Special Features

As 70 million baby boomers reach retirement, will just any ranch do? Introducing easyHouse by Boulder Creek

By Mark Samuelson

Boulder Creek s David Sinkey joins Teri Winchester (left) and Connie Archer in front of the easyHouse ranch model at Outlook in Castle Rock.
With 70 million baby boomers headed for retirement across the country, including many empty-nest types searching here in Colorado for ranch style homes, will just any single-level plan work okay for an aging buyer? Builders all over offer ranch plans - but the builder that led the field in single-level living believes that being a ranch isn't enough - that a home designed to work for those buyers needs to go way beyond traditional ranch design.Boulder Creek Neighborhoods has been talking with its hundreds of buyers - combing their needs and experiences to find out what a ranch really needs in order for a buyer to live life to the fullest. The result is easyHouse - single level designs that have dozens of features that buyers headed into those post-50 years are going to need.

"We knew lots of competition would be coming," says Boulder Creek president David Sinkey during a quick preview. "We see other builders trying to design for this market, and while they get two or three things right, they often make compromises on the rest." In easyHouse you'll see virtually NO steps - not from the garage, the deck, nor into the shower. Doors are 3-foot-width - even closet doors and pantry doors. Kitchen islands are set well back from surrounding counters.

Stairwells are wider (Boulder Creek includes large finished lower level space standard in these); and every plan has flexible spaces - say, an office, or morning room, or for a grand piano. Homes each have at least two full bedroom suites on the main-level (some three) - situations that can work for a 'cross-generational' buyer that may have a parent coming home, or a kid moving back in. "I like the openness," said Doug Carnahan of Larkspur, who with wife Patricia got in for a look last week, after exploring alternatives to their older house for some time.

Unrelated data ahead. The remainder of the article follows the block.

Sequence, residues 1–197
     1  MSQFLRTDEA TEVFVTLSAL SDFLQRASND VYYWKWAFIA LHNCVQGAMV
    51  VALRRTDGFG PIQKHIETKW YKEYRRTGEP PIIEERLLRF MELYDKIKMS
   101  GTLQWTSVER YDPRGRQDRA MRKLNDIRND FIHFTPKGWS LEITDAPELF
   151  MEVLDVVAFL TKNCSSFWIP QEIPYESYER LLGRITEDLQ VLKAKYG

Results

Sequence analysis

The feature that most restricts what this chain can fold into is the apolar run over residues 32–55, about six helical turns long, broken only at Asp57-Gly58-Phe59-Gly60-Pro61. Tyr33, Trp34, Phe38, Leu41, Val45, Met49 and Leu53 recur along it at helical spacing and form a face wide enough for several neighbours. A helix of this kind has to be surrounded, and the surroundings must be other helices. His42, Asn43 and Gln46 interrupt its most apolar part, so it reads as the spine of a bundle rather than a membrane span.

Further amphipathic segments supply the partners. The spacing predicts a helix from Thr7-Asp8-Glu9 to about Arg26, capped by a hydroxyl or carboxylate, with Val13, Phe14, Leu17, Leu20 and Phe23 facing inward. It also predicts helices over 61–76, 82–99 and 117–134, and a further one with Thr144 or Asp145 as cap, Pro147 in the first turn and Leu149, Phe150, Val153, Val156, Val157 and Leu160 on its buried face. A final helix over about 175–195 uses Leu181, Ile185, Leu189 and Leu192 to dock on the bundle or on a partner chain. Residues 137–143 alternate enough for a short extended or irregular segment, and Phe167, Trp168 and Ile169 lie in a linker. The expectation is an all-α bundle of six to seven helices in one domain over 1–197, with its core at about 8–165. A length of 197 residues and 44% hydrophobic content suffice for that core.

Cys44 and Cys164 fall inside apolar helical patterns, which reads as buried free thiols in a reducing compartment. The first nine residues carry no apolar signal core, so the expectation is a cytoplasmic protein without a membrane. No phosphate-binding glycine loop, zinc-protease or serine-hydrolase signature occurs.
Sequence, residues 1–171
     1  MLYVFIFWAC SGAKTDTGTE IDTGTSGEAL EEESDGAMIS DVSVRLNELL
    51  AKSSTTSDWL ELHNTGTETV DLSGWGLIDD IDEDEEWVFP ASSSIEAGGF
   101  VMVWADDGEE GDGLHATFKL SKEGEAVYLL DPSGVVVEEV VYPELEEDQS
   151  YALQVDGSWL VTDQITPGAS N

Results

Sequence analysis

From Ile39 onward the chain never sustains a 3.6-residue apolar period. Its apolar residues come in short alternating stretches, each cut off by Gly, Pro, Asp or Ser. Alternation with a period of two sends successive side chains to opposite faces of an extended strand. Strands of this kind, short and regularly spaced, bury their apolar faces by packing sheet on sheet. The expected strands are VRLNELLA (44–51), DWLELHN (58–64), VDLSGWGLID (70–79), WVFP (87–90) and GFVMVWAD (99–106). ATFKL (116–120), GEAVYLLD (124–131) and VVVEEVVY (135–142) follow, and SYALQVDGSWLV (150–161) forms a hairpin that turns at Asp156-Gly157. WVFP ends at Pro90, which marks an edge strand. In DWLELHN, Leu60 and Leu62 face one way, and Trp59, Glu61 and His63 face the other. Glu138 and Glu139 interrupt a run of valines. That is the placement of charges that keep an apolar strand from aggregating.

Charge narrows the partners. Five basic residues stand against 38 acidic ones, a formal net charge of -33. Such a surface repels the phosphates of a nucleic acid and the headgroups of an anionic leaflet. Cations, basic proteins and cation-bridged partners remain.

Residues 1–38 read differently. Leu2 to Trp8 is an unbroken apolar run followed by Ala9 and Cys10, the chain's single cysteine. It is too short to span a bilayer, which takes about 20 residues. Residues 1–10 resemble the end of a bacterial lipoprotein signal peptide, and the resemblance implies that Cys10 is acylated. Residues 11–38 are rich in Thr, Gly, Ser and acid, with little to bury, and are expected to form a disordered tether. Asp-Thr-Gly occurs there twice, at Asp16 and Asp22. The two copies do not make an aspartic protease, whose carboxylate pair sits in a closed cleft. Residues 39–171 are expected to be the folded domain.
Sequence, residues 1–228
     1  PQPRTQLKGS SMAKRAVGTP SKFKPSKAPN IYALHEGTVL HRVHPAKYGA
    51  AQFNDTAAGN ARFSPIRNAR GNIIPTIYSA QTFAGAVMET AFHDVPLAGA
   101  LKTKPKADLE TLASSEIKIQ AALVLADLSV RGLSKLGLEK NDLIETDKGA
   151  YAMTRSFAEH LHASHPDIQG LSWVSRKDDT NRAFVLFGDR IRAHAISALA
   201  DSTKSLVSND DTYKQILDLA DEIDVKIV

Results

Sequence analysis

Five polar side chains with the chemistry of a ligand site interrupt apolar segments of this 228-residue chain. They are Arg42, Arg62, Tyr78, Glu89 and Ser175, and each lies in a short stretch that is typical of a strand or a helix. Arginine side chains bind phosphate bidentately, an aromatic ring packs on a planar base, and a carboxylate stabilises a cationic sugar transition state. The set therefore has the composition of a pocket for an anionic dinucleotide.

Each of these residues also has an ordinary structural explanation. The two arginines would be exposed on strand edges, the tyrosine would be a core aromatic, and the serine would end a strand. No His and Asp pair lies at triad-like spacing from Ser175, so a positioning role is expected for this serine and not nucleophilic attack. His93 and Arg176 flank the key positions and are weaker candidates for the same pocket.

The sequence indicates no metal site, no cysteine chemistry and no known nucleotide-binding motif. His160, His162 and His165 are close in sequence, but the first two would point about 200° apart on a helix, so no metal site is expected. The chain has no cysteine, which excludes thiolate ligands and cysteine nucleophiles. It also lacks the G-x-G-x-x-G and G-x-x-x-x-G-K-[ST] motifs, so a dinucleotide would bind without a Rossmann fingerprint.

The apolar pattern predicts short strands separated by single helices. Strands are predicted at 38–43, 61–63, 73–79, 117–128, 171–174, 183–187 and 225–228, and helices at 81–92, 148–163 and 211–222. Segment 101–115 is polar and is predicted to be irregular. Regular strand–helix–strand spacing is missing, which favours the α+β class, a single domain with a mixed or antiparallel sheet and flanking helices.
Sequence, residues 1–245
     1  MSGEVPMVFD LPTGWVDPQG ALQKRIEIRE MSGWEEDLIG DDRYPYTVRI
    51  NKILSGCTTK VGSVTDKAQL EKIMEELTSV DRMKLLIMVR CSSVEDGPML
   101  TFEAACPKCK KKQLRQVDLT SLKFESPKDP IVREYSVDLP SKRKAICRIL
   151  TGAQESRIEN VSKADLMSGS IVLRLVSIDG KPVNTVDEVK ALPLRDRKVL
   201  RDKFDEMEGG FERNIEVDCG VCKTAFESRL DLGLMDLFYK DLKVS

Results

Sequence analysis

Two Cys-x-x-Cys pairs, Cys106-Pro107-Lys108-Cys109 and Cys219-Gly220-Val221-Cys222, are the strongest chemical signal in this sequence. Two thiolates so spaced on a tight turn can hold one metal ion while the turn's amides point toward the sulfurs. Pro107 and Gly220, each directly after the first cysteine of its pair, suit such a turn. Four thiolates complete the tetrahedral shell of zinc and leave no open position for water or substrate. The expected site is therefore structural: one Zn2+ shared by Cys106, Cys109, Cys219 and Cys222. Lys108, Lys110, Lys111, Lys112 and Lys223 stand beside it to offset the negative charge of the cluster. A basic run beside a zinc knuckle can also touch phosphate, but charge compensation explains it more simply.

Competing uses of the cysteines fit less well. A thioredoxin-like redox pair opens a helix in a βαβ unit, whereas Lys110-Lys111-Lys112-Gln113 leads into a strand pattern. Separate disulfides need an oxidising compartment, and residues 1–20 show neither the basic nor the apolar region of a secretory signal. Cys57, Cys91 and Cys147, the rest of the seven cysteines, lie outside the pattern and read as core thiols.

Meanwhile, whether or not you're part of the 50-plus set, you'll see considerations designed to appeal to any experienced buyer: "People who have owned homes for years have artwork, and we're showing places to put that," says Teri Winchester, who along with Connie Archer will be on hand at the Castle Rock community.

easyHouse is set to open Saturday, Sept. 6 at Outlook in Castle Rock, in the Plum Creek golf course community; and at The Lakes at Centerra, a new Loveland master plan taking shape near the Centerra shopping center. Both will feature Boulder Creek's signature low-maintenance services such as lawn care and snow removal - along with two dozen features that may be less visible, but that make easyHouse work better for fifty-plus buyers than many other ranches.

This weekend you can visit EasyHouseforLife.com to join the VIP list for upcoming easyHouse Grand Openings and information (Boulder Creek expects to bring easyHouse to from five to seven Front Range communities over the coming year).

WHERE: VIP interest list for easyHouse single-level homes designed to age-in-place, by Boulder Creek Neighborhoods; models open Sept. 6 at Outlook at Plum Creek in Castle Rock, and at The Lakes at Centerra in Loveland. Visit the web site now for advance information, and to receive details on future grand openings.

PRICE: $450,000 - $600,000, varying by location

WEB: easyHouseforLife.com

Mark Samuelson writes on real estate and business; you can email him at mark@samuelsonassoc.com.You can see all of Mark Samuelson's columns at DenverPost.com/RealEstate. Follow Mark Samuelson on Twitter: @marksamuelson

  • Down payment assistance is out there, but does it matter in Denver’s housing market?